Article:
The Employee Engagement Choice: Is It a Job, a Career, or a Calling?

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As we’ve researched trends in employee engagement, we consistently find dissonance in levels of engagement between a person who views his job as, well, a job, and people who have turned their “jobs” into careers or callings.

Of course, I always enjoy being able to support our findings with similar research done by other industry authorities.

Yale psychologist Amy Wrzesniewski, for example, has published research on how the mental conceptions we all have about our jobs affect our performance and our happiness. Her studies find that different people can see their employment as any of the three aforementioned types (jobs, careers, or callings), regardless of the position they hold (and even if they all hold the same position).

Different jobs, different perceptions

In one portion of her studies, Wrzesniewski found that among 24 administrative assistants (all of whom had nearly identical conditions of employment) perceptions of job, career, and calling were represented in almost equal thirds.

Intrigued by this observation, we’ve sought to differentiate between people who see their work as a job, as a career, and as a calling. Here’s what we’ve been able to surmise:

  • Job — People who have jobs and see them as nothing more than jobs are generally satisfied. (Remember what we said about employee satisfaction?) These individuals go to work, fulfill their responsibilities, and anticipate the reward of a paycheck. Rarely, if ever, do they choose to connect their job description to the success of the company or to the betterment of society or self. These individuals, sadly, are not engaged.
  • CareerPeople who see their jobs as careers are focused on self-improvement, advancement, and contributing to the overall success of the company. Though they may exhibit some levels of engagement, these individuals have not chosen to realize their full potential and therefore do not achieve the levels of success they are capable of.
  • CallingPeople who feel a connection between their personal values and their work generally see their employment as a calling. They embrace company goals, values, and objectives, committing themselves to success because they see the bigger picture. These individuals have made the choice to leverage their talents as they contribute to the success of their company; they witness their actions contributing to a greater good.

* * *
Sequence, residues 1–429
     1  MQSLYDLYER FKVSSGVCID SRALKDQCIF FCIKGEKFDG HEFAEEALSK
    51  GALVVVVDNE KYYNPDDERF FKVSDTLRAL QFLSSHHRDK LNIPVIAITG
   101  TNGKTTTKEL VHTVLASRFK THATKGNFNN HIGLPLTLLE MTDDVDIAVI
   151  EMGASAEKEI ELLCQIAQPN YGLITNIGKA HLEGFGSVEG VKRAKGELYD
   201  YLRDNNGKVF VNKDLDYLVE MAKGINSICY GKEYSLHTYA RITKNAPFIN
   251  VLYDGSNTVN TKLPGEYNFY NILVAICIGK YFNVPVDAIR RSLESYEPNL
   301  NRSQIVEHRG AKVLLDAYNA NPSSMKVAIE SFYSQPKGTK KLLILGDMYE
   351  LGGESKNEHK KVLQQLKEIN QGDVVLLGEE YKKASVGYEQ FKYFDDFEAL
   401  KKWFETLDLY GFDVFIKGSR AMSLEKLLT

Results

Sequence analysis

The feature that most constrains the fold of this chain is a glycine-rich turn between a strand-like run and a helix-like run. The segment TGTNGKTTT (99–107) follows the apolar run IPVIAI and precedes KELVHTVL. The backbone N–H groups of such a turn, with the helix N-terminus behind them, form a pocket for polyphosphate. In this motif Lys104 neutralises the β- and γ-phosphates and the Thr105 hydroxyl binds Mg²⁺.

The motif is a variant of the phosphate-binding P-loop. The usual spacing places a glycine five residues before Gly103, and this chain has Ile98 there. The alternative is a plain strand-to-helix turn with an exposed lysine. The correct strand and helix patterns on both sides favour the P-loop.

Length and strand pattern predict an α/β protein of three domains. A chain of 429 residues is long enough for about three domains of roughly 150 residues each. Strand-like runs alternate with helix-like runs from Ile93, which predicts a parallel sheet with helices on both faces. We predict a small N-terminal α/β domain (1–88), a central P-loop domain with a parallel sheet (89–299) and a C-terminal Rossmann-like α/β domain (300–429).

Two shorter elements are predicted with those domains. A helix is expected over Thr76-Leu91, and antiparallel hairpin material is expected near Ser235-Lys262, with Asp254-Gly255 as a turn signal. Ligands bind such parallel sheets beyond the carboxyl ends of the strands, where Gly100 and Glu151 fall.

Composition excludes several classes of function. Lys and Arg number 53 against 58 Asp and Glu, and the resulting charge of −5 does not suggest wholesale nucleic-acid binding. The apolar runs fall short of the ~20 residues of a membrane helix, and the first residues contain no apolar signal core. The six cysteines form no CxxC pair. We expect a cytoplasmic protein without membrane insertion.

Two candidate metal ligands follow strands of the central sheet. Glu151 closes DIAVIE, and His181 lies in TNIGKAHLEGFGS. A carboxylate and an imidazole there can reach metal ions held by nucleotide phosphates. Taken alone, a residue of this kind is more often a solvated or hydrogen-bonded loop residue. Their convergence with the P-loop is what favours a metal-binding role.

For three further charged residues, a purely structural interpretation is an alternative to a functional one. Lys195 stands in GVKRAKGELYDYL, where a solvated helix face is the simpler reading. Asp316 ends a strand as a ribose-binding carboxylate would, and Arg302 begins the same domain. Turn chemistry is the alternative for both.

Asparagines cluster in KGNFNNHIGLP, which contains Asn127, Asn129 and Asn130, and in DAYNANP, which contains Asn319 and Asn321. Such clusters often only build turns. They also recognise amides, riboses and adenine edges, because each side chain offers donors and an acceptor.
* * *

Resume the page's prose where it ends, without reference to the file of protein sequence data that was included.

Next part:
Notice the recurring theme in each of these employment mindsets (especially the last one): we are all able to choose how we view our employment. We can all become the remarkable people who view “jobs” as callings.

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When we choose to have this mindset, we become more productive assets of human capital to our companies and we develop greater feelings of engagement and personal satisfaction in our work.

This research leads us to one question, though: whose responsibility is it to establish the calling mindset in an organization?

Are employers responsible for cultivating such a mindset as part of the company culture, or are employees more valuable when they choose to individually develop this paradigm?

This was originally published on the DecisionWise blog.

Reese Haydon is the Marketing Specialist at DecisionWise, a management consulting firm specializing in leadership and organization development using assessments, feedback, coaching, and training. His professional experience comes from working with the Organizational Leadership and Strategy department at Brigham Young University, the editorial team at brass|Media, Inc., and other teams in both for-profit and non-profit organizations.


11 Comments on “The Employee Engagement Choice: Is It a Job, a Career, or a Calling?

  1. Really interesting and informative! where I work, Achievers, we think getting your employees on board with company values and goals makes important strides to employee engagement. By clearly mapping how your work matches company success, we’re nudging people closer to that calling category. Definitely food for thought!

  2. Have you used concept mapping to help people understand how their work connects to other people and departments? Of if not, what creative strategies do you use to help people see the big picture?